Vietnam: State, War, and Revolution (1945–1946)
University of California Press, 15 thg 4, 2013 - 721 trang
Amidst the revolutionary euphoria of August 1945, most Vietnamese believed that colonialism and war were being left behind in favor of independence and modernization. The late-September British-French coup de force in Saigon cast a pall over such assumptions. Ho Chi Minh tried to negotiate a mutually advantageous relationship with France, but meanwhile told his lieutenants to plan for a war in which the nascent state might have to survive without allies. In this landmark study, David Marr evokes the uncertainty and contingency as well as coherence and momentum of fast-paced events. Mining recently accessible sources in Aix-en-Provence and Hanoi, Marr explains what became the largest, most intense mobilization of human resources ever seen in Vietnam.
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Chúng tôi không t́m thấy bài đánh giá nào ở các vị trí thông thường.
Forming the DRV Government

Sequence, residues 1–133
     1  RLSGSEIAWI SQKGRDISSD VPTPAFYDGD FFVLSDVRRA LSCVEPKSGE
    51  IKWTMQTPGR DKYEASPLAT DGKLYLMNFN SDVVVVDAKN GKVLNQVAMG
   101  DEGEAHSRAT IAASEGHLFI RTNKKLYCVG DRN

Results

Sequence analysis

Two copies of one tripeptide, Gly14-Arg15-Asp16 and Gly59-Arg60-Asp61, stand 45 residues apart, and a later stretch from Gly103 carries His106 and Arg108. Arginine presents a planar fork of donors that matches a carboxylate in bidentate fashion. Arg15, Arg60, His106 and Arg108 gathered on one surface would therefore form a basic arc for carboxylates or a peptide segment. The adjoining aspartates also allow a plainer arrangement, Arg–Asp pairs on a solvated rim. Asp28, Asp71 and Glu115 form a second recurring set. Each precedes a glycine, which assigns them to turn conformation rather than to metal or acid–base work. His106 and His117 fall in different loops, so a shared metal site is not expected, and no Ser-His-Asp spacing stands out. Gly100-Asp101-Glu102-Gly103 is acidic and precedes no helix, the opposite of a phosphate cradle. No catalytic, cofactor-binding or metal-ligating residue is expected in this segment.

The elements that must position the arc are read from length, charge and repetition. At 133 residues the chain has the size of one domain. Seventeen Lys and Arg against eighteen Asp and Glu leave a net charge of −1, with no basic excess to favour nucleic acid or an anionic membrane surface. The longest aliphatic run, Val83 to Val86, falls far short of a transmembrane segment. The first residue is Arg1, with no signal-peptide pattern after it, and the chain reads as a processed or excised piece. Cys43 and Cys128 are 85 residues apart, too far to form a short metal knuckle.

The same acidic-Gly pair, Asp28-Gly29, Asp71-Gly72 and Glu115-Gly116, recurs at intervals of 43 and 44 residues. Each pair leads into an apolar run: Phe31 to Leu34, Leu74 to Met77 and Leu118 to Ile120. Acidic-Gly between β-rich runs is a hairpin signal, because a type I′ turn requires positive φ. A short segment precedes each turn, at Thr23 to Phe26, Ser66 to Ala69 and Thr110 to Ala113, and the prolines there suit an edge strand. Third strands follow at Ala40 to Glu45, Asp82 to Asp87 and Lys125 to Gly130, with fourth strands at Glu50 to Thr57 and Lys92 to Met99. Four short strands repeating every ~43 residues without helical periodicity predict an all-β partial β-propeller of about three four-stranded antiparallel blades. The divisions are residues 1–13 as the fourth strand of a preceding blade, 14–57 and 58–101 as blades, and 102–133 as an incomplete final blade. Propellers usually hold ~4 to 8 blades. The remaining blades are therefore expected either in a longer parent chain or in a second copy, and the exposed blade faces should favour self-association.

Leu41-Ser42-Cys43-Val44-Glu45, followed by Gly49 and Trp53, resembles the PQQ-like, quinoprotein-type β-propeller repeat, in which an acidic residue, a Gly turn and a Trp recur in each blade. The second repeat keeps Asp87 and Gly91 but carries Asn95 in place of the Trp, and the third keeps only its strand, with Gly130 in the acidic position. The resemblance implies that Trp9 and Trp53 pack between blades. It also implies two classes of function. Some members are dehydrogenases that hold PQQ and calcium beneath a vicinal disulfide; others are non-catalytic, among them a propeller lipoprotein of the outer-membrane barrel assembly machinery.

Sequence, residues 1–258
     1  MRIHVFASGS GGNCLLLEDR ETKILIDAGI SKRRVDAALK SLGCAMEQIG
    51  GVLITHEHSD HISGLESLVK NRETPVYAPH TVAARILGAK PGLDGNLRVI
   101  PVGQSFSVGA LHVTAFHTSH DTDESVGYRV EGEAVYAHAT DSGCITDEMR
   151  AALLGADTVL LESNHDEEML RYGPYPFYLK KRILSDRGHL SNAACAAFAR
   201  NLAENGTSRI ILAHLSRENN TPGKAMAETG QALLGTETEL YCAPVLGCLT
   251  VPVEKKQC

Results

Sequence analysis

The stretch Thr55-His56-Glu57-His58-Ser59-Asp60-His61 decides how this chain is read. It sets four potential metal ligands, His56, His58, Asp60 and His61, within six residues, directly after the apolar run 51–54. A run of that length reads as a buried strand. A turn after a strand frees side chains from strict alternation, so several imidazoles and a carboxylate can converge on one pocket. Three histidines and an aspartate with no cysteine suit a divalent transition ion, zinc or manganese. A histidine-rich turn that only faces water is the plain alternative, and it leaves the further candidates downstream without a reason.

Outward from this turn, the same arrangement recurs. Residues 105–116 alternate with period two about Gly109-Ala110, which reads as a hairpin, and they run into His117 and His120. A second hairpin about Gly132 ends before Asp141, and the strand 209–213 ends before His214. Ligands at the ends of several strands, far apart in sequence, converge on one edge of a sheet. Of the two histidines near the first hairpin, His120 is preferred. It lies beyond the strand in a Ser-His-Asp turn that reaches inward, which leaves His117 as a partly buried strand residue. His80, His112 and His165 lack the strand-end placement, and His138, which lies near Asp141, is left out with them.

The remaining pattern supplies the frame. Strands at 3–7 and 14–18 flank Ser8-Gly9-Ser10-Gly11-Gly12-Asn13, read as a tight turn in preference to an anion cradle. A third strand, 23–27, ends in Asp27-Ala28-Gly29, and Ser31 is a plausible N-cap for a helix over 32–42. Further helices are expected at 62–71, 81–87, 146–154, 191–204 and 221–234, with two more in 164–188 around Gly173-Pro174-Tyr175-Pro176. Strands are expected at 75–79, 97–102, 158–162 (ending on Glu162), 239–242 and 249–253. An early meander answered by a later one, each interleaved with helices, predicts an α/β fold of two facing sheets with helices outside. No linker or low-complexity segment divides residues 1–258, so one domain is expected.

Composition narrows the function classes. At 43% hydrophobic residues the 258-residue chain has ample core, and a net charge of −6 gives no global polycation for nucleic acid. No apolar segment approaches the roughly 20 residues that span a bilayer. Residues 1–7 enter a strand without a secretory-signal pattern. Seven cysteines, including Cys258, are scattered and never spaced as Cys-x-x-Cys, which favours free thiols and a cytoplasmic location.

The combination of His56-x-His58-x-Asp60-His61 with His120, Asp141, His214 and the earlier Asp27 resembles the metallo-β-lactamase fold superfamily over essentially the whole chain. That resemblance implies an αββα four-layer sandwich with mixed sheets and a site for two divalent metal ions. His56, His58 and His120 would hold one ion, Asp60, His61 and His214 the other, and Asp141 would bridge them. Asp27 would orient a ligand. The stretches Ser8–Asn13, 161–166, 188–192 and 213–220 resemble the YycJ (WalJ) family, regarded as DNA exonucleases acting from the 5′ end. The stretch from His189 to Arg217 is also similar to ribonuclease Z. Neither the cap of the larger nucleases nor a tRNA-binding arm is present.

The Government at Work
Peace or War?
Seeking Foreign Friends
Material Dreams and Realities
Dealing with Domestic Opposition
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Army August August Revolution Båc B́nh Bureau Catholic central Chinese Chính citizens Cochinchina colonial Công Cúu Quóc d’Argenlieu Đai Dalat Dân delegation Đinh Đoàn Đ̣ng dossier DRV government Đúc election France Franco-Vietnamese French Hà Đông Haiphong Hanoi Ḥ Chí Minh Ḥ’s Ḥa Hoàng Höi Hué ICP members Indochina Japanese July June Kinh Kinh té late leaders Lich Sû March military militia minister Mơi National Assembly National Guard Nationalist Party newspaper Nguyën Nguyën Văn Nha Trang Ninh Nöi Northern Region October overseas Chinese Paris people’s committee piastres political President Ḥ Chí province committees Quân Quäng Ngăi Quyét Revolutionary League rice Saigon Sainteny Sept September soldiers Thái Thái Nguyên Thång Thanh Tién tion troops Trufng Chinh UBHCBB UBNDBB units Văn Vidt Minh Vidt Minh groups Viet Vietnam Vietnamese Vĩnh Yên Vơ Nguyên Giáp Xuân Yên